Fortunately, other reviewers seem to have understood Greenberg's method far better than Corbett. Witness Terry Teachout's judicious, measured article in National Review, which includes a good, if simplified summary of Greenberg's contribution to what would now be called "the critical discourse" of the 194Os, 'St)s, and '6~)s -- a far better summary, in many ways, than that provided by Rubenfeld. Teachout emphasizes the crucial point that "...Greenberg never allowed his ideology to prevent him from seeing clearly the painting and sculpture about which he wrote, and though he believed devoutly that 'the very best painting, the major painting, of our age is t. abstract,' he was no less capable of responding sensitively to the work of such gifted | representationalists as John Marin, Milton Avery, and Edward Hopper."
Teachout shares some of Corbett's distaste for the Color-Field painters, believing that Greenberg overestimated their long-term importance, but unlike Corbett, he doesn't assume that this obviates Greenberg's own long-term significance. ''This time," Teachout writes, "...the prophet of abstract expressionism had bet on the wrong horse, for the high seriousness of late modernism was already in the process of being supplanted by the playful nihilism of the post-modern era." But that matters less to Teachout than Greenberg's "having produced a body of writing about art that is- fully worthy of comparison with the best work of the best critics of the twentieth century. Even now, it is impossible to read him without being stirred by the compelling force of his aesthetic convictions." ;.
Curiously, whatever their own aesthetic convictions, almost none of the reviewers questioned Rubenfeld's accuracy. They appeared to believe implicitly everything she reports, especially, it seemed, the more scurrilous stories. Mind you, Rubenfeld obviously believes them herself, according ample space to anyone with anything really discrediting to report -- from corrupt dealings to thuggish behavior --whether the claim can be substantiated or not. A good deal of this sort of thing is plainly verifiable. There is ample documentation, for example, for Greenberg's heavy drinking and the predictably deplorable effect it had on how he treated even people he was close to. The peculiarities of the branch of psychiatry he adhered to are a matter of public record. And so on. But Rubenfeld relies heavily on innuendo, quoting at length sources who say things like "I can't prove it, but I am sure..." and "We all | believed that ....," not so much to demonstrate how colleagues and peers reacted to Greenberg, but to imply malfeasance. (Rubenfeld constantly speculates about Greenberg's motives, but she rarely questions those of her informants.) And even reviewers who should have known better -- Peter Plagens, in a skeptical, street smart article in the Los Angeles Times, for example -- swallowed Rubenfeld's assertions ~-whole.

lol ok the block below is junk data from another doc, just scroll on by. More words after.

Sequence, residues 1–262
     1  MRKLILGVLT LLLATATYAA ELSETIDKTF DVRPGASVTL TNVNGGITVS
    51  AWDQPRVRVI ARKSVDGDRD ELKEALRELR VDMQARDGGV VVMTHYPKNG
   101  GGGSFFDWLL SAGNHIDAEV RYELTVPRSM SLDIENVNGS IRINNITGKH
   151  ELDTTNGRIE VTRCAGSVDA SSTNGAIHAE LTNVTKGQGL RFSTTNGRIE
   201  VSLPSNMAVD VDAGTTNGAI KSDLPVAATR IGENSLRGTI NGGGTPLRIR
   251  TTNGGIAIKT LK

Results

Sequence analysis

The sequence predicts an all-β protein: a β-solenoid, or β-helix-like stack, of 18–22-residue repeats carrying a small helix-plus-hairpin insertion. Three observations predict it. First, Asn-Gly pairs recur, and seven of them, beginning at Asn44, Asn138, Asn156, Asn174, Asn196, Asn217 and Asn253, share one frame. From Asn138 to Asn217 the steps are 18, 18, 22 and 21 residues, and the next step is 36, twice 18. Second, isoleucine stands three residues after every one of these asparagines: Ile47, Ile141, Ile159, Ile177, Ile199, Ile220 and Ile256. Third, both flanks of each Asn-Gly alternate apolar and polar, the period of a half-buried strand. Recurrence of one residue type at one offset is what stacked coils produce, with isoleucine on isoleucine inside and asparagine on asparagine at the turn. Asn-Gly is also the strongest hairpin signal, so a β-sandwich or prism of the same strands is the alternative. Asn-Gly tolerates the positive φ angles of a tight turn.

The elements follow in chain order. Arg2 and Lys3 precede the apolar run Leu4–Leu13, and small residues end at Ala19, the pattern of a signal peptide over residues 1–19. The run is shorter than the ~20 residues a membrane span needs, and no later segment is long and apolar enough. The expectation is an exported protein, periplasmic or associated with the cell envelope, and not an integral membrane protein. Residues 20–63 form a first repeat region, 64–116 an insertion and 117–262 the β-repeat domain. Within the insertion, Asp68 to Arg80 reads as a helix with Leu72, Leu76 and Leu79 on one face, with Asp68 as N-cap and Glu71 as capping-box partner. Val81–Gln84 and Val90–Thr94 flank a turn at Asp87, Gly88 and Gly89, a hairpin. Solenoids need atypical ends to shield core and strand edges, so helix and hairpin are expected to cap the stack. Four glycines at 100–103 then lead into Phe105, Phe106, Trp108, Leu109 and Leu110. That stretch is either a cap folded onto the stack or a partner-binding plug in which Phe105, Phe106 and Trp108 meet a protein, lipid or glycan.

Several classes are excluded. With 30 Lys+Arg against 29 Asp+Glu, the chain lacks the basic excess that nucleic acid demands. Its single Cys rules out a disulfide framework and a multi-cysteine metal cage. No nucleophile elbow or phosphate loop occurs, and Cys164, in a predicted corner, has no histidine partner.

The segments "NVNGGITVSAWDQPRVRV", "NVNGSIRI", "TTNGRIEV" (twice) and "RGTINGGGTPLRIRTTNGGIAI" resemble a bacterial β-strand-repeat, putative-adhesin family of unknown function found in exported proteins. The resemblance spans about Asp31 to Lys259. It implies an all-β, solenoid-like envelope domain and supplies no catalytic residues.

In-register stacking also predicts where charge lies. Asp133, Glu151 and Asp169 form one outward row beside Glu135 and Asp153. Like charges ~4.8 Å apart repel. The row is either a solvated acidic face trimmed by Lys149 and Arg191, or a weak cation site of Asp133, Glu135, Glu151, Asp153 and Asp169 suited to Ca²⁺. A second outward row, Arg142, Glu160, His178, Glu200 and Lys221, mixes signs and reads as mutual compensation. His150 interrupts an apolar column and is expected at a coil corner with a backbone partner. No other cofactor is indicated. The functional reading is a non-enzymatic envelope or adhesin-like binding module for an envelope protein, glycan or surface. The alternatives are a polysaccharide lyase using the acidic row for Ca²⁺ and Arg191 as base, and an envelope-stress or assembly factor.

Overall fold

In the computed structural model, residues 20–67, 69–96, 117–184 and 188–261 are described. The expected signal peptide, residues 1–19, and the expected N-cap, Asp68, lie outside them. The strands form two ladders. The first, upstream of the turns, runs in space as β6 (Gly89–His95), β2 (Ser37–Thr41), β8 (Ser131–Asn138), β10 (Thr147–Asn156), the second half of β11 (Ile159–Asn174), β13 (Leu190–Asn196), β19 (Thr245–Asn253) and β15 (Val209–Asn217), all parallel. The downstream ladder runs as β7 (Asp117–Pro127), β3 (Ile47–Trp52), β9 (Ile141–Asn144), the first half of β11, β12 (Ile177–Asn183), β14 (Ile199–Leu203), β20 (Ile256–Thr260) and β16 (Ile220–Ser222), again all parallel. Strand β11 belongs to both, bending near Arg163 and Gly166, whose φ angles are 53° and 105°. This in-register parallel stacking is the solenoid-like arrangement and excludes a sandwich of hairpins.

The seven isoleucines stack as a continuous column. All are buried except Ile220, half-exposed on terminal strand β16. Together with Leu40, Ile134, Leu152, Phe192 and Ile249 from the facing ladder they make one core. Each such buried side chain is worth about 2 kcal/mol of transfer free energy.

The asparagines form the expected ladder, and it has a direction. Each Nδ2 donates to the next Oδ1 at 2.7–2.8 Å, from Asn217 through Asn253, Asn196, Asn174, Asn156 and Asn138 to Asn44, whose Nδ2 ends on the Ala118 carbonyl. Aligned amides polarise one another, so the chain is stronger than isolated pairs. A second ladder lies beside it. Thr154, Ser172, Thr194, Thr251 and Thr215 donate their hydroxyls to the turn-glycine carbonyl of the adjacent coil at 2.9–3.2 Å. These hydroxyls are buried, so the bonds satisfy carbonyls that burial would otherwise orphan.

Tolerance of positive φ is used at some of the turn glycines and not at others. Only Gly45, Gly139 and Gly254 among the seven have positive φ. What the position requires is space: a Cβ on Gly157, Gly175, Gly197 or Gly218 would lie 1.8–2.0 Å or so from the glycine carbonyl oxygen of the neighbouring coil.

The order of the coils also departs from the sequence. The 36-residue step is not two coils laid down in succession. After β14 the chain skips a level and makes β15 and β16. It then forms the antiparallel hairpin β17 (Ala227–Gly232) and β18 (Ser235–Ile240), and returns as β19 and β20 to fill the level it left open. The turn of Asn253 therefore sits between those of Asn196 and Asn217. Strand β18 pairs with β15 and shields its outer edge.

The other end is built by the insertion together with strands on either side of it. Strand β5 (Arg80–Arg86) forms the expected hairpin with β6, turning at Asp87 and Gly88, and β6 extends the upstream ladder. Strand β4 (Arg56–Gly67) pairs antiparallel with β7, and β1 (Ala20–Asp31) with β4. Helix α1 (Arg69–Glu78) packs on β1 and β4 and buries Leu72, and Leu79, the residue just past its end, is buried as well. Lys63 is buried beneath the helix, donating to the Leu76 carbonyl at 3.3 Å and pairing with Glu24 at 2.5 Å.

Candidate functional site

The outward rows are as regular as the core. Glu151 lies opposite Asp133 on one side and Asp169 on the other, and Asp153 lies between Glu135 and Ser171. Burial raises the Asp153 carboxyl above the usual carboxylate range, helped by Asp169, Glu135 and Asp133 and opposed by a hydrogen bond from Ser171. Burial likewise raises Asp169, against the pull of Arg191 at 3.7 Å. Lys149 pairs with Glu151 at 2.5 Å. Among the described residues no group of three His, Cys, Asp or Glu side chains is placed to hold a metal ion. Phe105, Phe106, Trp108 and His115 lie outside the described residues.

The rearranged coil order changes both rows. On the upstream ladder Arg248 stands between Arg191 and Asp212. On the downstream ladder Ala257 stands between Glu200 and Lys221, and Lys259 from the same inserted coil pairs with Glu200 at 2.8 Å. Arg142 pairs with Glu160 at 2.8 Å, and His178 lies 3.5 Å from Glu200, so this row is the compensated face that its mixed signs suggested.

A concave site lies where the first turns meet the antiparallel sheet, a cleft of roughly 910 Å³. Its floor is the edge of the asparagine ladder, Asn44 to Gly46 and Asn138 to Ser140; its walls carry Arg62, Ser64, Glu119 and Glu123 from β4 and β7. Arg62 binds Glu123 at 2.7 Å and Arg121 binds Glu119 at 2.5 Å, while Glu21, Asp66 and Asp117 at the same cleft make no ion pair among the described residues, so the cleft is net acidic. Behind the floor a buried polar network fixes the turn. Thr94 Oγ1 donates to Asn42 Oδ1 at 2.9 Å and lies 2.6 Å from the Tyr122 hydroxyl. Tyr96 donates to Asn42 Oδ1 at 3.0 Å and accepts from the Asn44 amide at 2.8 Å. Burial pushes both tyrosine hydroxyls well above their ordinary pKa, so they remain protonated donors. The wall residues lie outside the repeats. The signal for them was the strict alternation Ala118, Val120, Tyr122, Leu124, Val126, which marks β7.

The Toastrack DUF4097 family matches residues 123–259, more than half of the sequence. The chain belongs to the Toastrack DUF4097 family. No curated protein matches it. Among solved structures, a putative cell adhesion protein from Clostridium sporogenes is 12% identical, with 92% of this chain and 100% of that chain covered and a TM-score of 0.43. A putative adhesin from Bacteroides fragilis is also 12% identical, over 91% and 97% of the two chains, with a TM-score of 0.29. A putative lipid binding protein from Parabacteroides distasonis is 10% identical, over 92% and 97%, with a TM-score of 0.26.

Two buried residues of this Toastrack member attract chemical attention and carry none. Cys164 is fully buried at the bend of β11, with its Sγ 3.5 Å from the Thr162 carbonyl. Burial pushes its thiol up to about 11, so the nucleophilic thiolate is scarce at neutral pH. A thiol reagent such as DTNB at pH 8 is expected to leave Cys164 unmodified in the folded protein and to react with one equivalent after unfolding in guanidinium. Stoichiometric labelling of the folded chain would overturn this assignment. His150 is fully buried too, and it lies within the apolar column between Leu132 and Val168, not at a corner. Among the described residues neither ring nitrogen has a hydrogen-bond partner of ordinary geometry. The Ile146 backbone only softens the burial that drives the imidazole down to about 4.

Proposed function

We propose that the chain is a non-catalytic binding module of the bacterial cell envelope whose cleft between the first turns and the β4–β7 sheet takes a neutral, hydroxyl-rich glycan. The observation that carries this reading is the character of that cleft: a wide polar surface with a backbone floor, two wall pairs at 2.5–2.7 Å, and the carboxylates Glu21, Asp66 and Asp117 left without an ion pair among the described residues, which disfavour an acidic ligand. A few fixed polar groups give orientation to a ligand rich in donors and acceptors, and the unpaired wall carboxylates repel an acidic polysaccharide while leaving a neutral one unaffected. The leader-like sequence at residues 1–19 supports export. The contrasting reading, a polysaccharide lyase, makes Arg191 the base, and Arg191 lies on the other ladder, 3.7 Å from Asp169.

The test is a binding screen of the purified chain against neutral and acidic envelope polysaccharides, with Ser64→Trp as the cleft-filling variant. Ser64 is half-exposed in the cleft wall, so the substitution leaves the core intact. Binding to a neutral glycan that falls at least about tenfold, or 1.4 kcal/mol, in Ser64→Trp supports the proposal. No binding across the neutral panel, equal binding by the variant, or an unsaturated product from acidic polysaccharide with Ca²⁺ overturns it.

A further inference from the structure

Plagens, who is justifiably proud of his cool independence of mind, is neither ; Greenbergian or an anti-Greenbergian, but he takes Pollock, Frankenthaler, and Louis seriously. More important, Plagens genuinely admires Greenberg's writing and value] his contribution to the discipline of criticism; Whatever his disagreements with the t. critic's aesthetic, "...we who love art owe a hell of a lot to Greenberg," Plagens writes. I'd rather have spent half an hour reading a wonderfully limpid, if naggingly obstinate, Greenberg essay than a whole afternoon plowing through an argot-laden volume by some anti-Greenberg academic whiningly preoccupied with telling me that everything art can do, partisan sociology can do better. Then ~ could spend the time l saved looking at art."
Plagens is an insider, both painter and critic, old enough to have been a player in the art world during the last decades of Greenberg's life -- they met in 1980 -- yet he, too, assumes that Rubenfeld's most outrageous, unsupported statements are factual. He gleefully repeats her claim that Greenberg "smoked pot and hashish regularly, sniffed coke four, five, even six times a week, [and] sniffed heroin" during the 197Qs. Plagens (and I suspect, Rubenfeld), like anyone who spent any time in Greenberg's company, must know that alcohol and unfiltered Camels, both in large quantities, were the critic's drugs of choice. Seventies parties were, admittedly, seventies parties, and I am sure Greenberg tried whatever he was offered, but a steady habit? Anyone who knew the man would say it was extremely unlikely, if for no other reason than utter improbability of the modest-living, parsimonious critic's actually spending the sort of money regular use would entail.
This, I suppose, is open to conjecture. What's more disturbing is that Plagens perpetuates the frequently made accusation that Greenberg grew rich by skimming profits from galleries who sold the art he told collectors to buy. Plagens states as fact that Greenberg earned $100,000 a year as a consultant to the Andre Emmerich Gallery -- a tidbit to be found in Rubenfeld's uncorrected bound galleys but removed, along with several other questionable assertions, from the published edition of the biography since it was both untrue and actionable; Emmerich could easily prove that Greenberg never received any compensation from him and the motives of Rubenfeld's informant turned out to be, to say the least, cloudy. Why Plagens wasn't sent a corrected review copy of the book is only one question. What's more interesting is why such an informed observer was willing to believe the tale in the first place. Was it because Rubenfeld's unsavory stories fulfilled Plagens' expectations?